0
$\begingroup$

Rosanswers logo

I am trying to establish a link between my camera and the calibration pattern on the workstation. I've got the correct X,Y,Z by hand measurements, and I now want to do the same for the rotation. I figured out everything except the Z value, which is somehow not showing me correct behavior.

rosrun tf static_transform_publisher 0.019 0.393 0.65 4.71239 1.5708 0.0 world camera_link 1000

first_setup

gives the above setup, which requires a bit of rotation around the Z (blue) axis, so that the pattern's Z can correspond to the first circle (right-top) of the pattern, since this is the reference point I want to base it on.

However, even a slight bit of change in the Z value results in a rotation on the totally different axis, which is quite nonsensical. Check out the new command with a bit of shift in the Z value:

  rosrun tf static_transform_publisher 0.019 0.393 0.65 4.71239 1.5708 0.6 world camera_link 1000

second_setup

which rotated around the wrong axis, since this is definitely not around the blue (Z) axis, but rather the red (X).

What's going on?

EDIT: There was a typo in the second command.


Originally posted by Jägermeister on ROS Answers with karma: 81 on 2019-06-13

Post score: 0

$\endgroup$

1 Answer 1

0
$\begingroup$

Rosanswers logo

Your confusion is caused because the rotations are performed one after another, so they are not all performed in the same coordinate system. This question covers this problem better than I can describe it.

Given that you have a 90 degree and greater than 180 degree rotations in your other axes, I would expect the z axis to be rotating around something other than the z axis.

I also noticed that the two static_transform_publisher commands in your question are identical, did you copy and paste the wrong one?

Finally we would normally use a camera calibration process in OpenCV to determine the location of a target automatically, this would then give you the exact transform you need, and it could be far more accurate than anything you can manually measure.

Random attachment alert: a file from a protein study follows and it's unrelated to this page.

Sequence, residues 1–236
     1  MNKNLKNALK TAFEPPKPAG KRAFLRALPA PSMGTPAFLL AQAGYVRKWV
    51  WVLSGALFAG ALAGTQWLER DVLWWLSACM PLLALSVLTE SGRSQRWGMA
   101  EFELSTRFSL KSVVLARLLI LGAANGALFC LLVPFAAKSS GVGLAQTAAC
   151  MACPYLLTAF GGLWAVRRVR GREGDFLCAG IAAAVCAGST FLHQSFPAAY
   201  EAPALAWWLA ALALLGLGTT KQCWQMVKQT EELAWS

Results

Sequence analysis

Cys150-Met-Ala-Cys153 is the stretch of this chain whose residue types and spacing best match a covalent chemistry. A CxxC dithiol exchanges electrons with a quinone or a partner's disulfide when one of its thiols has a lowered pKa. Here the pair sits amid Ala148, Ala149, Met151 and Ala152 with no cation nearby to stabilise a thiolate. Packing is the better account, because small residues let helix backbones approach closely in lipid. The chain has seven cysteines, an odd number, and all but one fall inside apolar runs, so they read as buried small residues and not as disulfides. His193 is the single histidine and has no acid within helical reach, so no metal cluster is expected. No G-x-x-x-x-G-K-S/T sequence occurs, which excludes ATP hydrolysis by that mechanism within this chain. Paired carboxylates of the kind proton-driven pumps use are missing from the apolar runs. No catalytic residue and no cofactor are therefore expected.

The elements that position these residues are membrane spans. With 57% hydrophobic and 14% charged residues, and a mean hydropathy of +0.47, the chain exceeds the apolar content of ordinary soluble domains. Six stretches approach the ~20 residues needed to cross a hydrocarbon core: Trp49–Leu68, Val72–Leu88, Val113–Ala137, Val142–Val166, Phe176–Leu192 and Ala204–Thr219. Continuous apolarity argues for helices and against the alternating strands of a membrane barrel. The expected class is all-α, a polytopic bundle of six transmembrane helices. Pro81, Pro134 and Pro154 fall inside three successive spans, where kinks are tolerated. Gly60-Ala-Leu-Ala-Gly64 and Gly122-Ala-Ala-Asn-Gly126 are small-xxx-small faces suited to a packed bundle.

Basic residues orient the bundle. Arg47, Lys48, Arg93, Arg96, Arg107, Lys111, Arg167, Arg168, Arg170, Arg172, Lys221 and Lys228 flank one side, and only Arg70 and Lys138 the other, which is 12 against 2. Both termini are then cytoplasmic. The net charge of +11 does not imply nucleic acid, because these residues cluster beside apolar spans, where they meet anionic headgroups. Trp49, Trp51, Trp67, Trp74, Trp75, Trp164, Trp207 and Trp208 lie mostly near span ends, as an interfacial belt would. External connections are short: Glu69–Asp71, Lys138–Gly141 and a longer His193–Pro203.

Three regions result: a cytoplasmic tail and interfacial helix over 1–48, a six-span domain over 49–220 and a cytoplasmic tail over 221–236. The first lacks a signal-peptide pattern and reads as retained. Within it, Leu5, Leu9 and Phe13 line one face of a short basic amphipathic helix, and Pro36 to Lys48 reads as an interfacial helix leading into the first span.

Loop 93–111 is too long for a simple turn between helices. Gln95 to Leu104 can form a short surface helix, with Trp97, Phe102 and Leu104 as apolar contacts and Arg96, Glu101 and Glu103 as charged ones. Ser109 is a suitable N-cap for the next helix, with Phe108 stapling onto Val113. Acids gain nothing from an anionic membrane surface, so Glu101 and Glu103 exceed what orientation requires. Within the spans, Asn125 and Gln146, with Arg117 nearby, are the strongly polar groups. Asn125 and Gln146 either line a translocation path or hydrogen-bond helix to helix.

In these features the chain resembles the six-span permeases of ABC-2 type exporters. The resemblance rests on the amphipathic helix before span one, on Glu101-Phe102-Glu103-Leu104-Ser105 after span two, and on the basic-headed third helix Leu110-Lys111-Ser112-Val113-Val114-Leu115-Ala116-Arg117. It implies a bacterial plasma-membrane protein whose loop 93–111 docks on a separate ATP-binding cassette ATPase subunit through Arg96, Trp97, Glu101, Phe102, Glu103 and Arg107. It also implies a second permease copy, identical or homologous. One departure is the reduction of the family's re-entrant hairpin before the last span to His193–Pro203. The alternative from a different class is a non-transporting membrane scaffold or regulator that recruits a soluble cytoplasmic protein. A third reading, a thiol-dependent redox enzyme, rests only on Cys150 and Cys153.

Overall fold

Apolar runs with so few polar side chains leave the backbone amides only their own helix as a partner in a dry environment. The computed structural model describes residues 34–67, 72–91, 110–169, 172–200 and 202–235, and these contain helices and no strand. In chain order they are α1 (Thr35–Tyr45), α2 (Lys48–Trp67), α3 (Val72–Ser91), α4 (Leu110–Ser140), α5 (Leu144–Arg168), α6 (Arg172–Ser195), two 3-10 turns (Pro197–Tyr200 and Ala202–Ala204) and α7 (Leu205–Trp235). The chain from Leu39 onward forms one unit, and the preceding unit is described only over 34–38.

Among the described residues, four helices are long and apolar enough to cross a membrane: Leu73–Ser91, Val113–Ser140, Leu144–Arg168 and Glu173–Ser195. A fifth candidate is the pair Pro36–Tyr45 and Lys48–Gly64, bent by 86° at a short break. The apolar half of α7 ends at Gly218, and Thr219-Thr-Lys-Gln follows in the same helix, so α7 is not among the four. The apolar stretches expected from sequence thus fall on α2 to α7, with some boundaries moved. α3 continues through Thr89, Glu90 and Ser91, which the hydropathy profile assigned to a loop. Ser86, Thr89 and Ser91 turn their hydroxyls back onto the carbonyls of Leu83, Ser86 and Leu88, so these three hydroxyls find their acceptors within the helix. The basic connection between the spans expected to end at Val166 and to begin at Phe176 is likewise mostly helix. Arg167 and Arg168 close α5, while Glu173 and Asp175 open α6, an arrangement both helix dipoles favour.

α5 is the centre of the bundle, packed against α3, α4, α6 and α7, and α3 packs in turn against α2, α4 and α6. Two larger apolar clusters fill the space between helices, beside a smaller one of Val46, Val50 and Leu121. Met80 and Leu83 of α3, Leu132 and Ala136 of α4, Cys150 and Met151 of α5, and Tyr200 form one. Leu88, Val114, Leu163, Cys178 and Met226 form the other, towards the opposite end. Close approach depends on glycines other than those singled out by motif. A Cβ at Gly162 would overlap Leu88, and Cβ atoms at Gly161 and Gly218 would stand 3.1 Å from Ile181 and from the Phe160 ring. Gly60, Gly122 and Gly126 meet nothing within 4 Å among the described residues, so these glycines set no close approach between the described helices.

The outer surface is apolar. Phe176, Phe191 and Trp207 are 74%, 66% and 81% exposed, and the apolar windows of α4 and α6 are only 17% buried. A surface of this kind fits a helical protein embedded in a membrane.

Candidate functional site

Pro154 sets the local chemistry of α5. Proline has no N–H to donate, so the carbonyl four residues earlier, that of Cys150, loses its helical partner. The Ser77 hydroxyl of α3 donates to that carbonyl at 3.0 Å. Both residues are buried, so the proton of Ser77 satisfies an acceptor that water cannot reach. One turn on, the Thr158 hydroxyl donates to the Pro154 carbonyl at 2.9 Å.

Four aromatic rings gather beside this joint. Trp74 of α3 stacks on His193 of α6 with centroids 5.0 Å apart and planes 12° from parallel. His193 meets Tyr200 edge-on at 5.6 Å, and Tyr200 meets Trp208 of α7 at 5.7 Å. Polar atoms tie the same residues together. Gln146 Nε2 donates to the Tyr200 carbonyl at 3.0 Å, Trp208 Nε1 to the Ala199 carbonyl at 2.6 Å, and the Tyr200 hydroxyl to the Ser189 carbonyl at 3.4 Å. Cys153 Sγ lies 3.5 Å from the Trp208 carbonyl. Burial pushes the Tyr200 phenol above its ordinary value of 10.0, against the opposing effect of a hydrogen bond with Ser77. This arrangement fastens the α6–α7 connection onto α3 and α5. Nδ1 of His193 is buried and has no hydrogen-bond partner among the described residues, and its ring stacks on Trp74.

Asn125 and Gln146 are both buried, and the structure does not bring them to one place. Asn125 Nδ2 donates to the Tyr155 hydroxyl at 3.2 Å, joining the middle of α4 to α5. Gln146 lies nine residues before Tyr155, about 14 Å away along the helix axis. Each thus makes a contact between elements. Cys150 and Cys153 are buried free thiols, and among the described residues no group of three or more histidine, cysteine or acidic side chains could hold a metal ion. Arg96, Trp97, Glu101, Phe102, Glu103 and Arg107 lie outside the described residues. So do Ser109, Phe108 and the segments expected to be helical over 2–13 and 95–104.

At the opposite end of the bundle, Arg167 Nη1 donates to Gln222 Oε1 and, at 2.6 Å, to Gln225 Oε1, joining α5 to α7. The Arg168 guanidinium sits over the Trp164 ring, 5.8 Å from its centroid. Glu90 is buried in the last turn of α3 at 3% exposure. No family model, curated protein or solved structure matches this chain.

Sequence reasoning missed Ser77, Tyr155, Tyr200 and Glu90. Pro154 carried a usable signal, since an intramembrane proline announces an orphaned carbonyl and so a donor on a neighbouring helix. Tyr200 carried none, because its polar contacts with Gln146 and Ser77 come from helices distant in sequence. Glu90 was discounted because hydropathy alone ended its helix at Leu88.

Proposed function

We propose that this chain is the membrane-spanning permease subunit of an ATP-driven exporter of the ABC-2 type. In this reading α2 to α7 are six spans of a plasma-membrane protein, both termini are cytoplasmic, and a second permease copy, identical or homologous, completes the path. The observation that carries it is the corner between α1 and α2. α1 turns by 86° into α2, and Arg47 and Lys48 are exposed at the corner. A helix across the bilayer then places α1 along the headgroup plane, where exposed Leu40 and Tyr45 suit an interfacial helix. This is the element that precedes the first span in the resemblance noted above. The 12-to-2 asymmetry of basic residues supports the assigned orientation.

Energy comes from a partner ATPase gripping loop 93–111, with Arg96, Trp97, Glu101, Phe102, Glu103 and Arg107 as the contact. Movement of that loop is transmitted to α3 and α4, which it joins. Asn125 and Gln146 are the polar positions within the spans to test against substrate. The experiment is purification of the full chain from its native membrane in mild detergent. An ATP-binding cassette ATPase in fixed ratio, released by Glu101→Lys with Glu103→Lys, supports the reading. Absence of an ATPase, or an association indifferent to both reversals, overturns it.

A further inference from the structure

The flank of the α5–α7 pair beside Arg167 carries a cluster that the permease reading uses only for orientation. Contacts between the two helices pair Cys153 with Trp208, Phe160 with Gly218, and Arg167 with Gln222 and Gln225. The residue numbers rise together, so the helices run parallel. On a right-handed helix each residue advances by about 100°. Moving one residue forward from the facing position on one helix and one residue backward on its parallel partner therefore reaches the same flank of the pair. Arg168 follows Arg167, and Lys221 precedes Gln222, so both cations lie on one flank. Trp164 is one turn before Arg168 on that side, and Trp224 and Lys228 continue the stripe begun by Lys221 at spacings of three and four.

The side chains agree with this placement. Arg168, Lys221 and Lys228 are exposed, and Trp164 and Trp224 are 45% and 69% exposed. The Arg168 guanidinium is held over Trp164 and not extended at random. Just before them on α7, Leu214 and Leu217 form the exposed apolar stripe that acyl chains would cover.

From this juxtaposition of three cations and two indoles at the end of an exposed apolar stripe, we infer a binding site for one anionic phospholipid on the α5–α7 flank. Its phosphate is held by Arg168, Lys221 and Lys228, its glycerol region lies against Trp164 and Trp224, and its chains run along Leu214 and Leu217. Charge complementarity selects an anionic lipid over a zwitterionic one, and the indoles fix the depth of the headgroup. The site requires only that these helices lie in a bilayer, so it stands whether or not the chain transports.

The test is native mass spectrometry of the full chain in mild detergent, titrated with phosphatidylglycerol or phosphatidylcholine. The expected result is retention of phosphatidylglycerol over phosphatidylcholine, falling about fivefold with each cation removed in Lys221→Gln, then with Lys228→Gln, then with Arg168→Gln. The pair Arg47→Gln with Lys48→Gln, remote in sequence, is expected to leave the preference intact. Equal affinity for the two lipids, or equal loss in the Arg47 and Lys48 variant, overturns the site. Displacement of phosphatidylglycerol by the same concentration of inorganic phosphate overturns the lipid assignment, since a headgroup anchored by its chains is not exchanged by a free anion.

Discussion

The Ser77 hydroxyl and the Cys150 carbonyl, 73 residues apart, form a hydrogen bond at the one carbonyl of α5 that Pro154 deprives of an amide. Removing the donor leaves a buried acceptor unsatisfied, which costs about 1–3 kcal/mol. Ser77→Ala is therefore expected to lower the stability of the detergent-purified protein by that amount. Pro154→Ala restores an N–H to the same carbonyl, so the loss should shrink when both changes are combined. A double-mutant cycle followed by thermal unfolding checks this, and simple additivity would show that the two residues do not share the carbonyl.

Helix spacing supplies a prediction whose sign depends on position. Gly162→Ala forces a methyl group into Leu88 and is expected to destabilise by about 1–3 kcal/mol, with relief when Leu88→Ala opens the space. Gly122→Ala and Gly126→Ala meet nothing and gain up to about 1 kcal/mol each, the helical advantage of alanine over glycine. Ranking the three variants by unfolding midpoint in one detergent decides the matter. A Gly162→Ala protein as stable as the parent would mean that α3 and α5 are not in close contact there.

Hope this helps.


Originally posted by PeteBlackerThe3rd with karma: 9529 on 2019-06-13

This answer was ACCEPTED on the original site

Post score: 1


Original comments

Comment by gvdhoorn on 2019-06-13:
I'm also confused about the need to do this manually.

If OP Is already using a marker (aruco?), then why not use the transform that the marker tracker is broadcasting?

Comment by Jägermeister on 2019-06-13:
@gvdhoorn I couldn't find a proper, well functioning ROS package for finding the camera extrinsics. Most of the packages are not maintained anymore, authors don't respond to errors, etc. If you happen to know any, let me now.

And yes there was a little typo in the second command which I fixed now.

Comment by gvdhoorn on 2019-06-13:
I've used IFL-CAMP/easy_handeye just last week.

There are many more.

But if you're just after the transform between your camera's optical frame and a marker then a simple marker tracking package would suffice.

Comment by Jägermeister on 2019-06-13:
Edit: My ROS version isn't compatible with that package, throwing tons of errors. So I need to find something else. I only want to find out the camera's pose with respect to the marker yes.

Comment by gvdhoorn on 2019-06-13:
You have read the Getting started section, correct?

Anecdotal, but: it all worked for me, so I can't help you I'm afraid.

Comment by Jägermeister on 2019-06-13:
Yes, anecdotally, it didn't work on my melodic.

$\endgroup$

Your Answer

By clicking “Post Your Answer”, you agree to our terms of service and acknowledge you have read our privacy policy.